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Multi-Disciplinary Projects



Among the objectives of CENUM, the pooling of expertise and the sharing of technology platforms are at the centre of the multi-disciplinar projects. Because most of the diseases studied by the CENUM’s members are of a complex nature, regular silo-based approaches have not been successful at sufficiently advancing the knowledge necessary to develop treatment. This is why we believe that the consolidation in the same research team of medical specialists, clinical researchers, geneticists and neurobiologists is one of the keys to the advancement of knowledge. One example of a multi-disciplinary project is the Montreal Tourette Syndrome Study Group which consists of some thirty researchers and students of different disciplines working together to characterize the symptoms of this disease and to understand its origins. Furthermore, if modern technology enables large-scale research, the acquisition costs of these facilities are such that only a pooling and sharing of available resources make their use possible. The infrastructure of the SD2 project, with an analysis capacity of close to 50,000 DNA fragments per week, allows many teams to undertake research projects that would have been impossible to carry out without access to such an infrastructure.


Montreal Tourette Syndrome Study Group

Gilles-de-la-Tourette syndrome, also called Tourette syndrome, is a neurological disease mainly characterized by complex motor and vocal tics that appear during childhood. This disease affects 0.5 to 1% of the population and it is 3 to 4 times more frequent in boys than in girls. The nature and the severity of the tics vary over the course of a patient’s life, but the symptoms peak in severity around puberty and generally decline during adulthood. Tourette syndrome is often accompanied by symptoms of other disorders (called comorbities) which most frequently include obsessive-compulsive disorder (OCD) and attention deficit hyperactive disorder (ADHD). Tourette syndrome has an important genetic component and is most likely also influenced by different environmental factors.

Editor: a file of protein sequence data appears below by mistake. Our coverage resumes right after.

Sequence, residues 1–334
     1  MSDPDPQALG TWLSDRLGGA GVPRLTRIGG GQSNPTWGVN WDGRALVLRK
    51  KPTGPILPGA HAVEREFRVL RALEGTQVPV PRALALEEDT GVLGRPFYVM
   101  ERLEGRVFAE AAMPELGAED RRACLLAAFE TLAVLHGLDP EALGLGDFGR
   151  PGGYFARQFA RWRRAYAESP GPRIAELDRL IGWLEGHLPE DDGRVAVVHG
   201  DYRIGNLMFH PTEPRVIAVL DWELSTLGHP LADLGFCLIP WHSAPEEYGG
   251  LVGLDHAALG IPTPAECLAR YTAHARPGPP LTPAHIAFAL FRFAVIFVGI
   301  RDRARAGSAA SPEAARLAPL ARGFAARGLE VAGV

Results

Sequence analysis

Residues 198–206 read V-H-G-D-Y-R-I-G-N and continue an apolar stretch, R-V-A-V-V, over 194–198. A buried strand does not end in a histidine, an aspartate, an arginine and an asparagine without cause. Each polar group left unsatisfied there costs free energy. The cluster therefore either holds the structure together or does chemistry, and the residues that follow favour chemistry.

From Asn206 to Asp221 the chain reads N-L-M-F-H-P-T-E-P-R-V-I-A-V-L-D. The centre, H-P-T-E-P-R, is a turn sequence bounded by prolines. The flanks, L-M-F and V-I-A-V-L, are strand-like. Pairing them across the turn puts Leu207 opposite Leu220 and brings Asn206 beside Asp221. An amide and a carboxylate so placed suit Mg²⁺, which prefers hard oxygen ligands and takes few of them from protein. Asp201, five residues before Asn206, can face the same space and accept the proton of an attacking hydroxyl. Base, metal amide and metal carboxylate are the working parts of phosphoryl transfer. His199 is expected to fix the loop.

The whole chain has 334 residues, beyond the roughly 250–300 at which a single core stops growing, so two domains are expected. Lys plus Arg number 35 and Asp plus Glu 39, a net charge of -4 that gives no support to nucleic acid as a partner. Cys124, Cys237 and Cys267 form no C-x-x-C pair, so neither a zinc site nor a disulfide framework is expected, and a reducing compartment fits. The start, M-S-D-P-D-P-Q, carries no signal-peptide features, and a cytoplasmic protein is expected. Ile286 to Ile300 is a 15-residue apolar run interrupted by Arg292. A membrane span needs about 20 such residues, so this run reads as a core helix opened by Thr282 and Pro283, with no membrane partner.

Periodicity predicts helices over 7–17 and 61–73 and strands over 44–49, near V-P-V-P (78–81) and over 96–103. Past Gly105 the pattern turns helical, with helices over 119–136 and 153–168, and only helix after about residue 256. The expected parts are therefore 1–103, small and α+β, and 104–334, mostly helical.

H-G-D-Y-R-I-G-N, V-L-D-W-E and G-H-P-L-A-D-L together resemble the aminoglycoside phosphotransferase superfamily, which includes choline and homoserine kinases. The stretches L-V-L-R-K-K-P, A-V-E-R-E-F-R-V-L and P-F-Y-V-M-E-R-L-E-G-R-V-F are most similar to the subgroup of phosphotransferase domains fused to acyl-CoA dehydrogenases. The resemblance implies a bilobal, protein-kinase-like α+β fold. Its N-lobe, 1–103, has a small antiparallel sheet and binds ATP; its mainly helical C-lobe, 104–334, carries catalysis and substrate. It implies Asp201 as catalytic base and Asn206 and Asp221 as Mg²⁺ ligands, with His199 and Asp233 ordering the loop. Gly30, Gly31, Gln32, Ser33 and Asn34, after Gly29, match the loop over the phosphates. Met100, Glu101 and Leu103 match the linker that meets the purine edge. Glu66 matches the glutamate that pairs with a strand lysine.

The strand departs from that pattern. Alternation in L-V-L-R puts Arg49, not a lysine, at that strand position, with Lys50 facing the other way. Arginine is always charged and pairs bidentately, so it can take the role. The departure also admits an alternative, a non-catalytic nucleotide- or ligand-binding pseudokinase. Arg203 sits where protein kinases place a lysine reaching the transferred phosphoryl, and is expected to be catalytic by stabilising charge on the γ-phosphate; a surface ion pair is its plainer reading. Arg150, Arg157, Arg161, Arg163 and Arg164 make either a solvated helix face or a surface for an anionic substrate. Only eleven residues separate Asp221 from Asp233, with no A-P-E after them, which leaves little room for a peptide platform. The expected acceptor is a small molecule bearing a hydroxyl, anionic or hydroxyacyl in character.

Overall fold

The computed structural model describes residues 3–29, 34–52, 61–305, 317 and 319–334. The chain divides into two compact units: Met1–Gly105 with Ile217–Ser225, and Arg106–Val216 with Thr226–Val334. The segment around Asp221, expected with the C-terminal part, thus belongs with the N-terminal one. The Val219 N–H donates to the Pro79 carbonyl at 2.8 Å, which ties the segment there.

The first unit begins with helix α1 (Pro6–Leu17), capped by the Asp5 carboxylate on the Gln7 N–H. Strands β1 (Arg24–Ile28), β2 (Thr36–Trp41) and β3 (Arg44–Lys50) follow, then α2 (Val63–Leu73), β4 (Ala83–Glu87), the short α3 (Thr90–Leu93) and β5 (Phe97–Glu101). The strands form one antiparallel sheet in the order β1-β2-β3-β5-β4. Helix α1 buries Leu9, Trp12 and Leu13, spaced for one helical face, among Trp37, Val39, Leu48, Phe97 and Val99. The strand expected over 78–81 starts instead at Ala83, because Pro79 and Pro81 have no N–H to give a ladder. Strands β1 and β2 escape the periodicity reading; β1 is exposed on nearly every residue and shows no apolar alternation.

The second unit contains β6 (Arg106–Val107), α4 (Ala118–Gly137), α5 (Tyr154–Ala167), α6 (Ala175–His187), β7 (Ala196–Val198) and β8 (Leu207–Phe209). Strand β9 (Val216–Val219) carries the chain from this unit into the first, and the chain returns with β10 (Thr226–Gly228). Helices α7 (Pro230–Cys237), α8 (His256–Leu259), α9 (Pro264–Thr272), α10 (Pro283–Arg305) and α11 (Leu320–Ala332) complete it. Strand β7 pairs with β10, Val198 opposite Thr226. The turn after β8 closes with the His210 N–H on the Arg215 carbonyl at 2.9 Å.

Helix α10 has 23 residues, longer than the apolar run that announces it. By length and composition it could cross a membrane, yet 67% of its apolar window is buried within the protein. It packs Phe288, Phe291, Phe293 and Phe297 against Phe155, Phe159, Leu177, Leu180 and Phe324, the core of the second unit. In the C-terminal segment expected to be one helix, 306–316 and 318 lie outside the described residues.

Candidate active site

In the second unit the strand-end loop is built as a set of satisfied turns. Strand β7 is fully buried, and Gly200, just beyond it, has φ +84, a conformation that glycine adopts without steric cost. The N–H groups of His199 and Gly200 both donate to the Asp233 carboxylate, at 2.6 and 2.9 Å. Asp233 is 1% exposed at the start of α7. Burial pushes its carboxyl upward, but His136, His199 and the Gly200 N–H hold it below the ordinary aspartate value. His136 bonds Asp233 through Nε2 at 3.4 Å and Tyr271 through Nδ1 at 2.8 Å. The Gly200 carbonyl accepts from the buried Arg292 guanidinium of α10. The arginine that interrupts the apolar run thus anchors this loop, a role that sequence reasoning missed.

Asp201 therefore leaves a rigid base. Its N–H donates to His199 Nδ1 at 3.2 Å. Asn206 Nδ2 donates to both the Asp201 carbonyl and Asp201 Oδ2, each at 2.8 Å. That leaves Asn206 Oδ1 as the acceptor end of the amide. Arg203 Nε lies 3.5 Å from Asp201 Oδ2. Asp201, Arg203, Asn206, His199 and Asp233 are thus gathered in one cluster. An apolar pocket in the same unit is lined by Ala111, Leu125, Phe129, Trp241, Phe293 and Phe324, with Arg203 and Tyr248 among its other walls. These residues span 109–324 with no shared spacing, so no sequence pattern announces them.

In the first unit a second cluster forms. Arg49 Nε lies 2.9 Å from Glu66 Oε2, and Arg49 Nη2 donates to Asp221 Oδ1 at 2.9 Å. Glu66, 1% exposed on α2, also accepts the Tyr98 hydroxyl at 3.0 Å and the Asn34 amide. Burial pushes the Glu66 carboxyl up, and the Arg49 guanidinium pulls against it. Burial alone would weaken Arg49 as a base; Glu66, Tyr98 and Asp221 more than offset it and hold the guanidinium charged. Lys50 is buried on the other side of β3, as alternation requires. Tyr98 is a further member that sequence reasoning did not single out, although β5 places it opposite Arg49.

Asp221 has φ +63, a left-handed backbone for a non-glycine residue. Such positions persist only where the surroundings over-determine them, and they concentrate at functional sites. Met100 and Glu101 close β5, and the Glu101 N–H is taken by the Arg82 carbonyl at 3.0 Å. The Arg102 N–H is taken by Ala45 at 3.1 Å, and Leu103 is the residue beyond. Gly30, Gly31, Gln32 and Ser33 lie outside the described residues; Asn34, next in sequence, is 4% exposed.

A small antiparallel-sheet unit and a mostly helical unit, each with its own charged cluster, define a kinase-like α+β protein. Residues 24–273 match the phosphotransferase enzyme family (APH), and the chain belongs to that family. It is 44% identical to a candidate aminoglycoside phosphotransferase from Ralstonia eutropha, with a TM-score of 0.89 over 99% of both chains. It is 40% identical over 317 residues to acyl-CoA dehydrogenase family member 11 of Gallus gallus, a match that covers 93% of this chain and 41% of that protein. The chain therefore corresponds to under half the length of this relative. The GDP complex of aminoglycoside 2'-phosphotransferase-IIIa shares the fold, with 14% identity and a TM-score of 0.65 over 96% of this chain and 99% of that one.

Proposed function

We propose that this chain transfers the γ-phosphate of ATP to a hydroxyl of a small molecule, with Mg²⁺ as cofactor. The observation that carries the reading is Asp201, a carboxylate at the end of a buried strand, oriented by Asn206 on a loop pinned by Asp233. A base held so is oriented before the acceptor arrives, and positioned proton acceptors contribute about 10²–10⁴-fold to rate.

In order to study the clinical aspects of Tourette syndrome in detail and to identify causative genes, Drs. Rouleau and Chouinard created the Montreal Tourette Syndrome Study Group in 1999. This multidisciplinary research team brings together some thirty participants including nurses, psychologists, clinicians, biologists, geneticists, radiologists specialized in brain imaging, graduate students, postdoctoral fellows, as well as dozens of volunteers. To study the numerous aspects of Tourette syndrome, several members of the CENUM (Sylvain Chouinard, Yves Dion, Paul Lespérance, François Richer, Guy A. Rouleau) team with researchers from the CHUM, the CHU Ste-Justine, the Douglas Hospital, the Sorel and Gaspé Hospitals, UQAM and McGill University as well as teams from the United States, the Netherlands, England, South Africa, and Costa Rica. The Montreal Tourette Syndrome Study Group collaborates with the Tourette Syndrome Association (USA) and the Tourette Syndrome Foundation of Canada and is a participant in the Tourette Syndrome Genetic Consortium.


In recent years the Montreal Tourette Syndrome Study Group was able to identify chromosomal regions associated with the disease and study the comorbities associated with Tourette syndrome. More recently, Tourette syndrome has been the subject of two major studies: a genetic linkage study and a systematic analysis of all the X chromosome synaptic genes.





Synapse to Disease Project

Logo S2DThe purpose of the Synapse to Disease Project or S2D is to identify the genes that cause or predispose to numerous disorders of brain development such as schizophrenia, autism, mental retardation and Tourette syndrome. The project is based on two main hypotheses: 1) that disorders of brain development are the result of new mutations and 2) that these new mutations take place in genes involved in the synapse, the contact point between nerve cells. What makes the S2D project unique is that it combines gene screening and genetic validation with the biological analysis of mutations. The project is divided into four steps: the selection of cases and genes to be studied, the amplification of DNA fragments and the detection of genetic variants, the genetic validation of identified mutations and the functional biological analysis of the most interesting mutations. The S2D project started in April 2006 with funding from Genome Canada and Genome Québec. Initial funding made it possible to set up the infrastructure for large-scale analysis, to hire and train personnel as well as to develop the scientific and bioinformatics resources necessary for the proper conduct of the project. Funds from Genome Canada and Genome Québec allow the analysis of synaptic genes in cases of autism and schizophrenia while grants from the Canadian Institutes of Health Research and the Tourette Syndrome Association make it possible to study Mental Retardation and Tourette Syndrome. For more information on the S2D project and its progress visit the project’s website at www.synapse2disease.ca.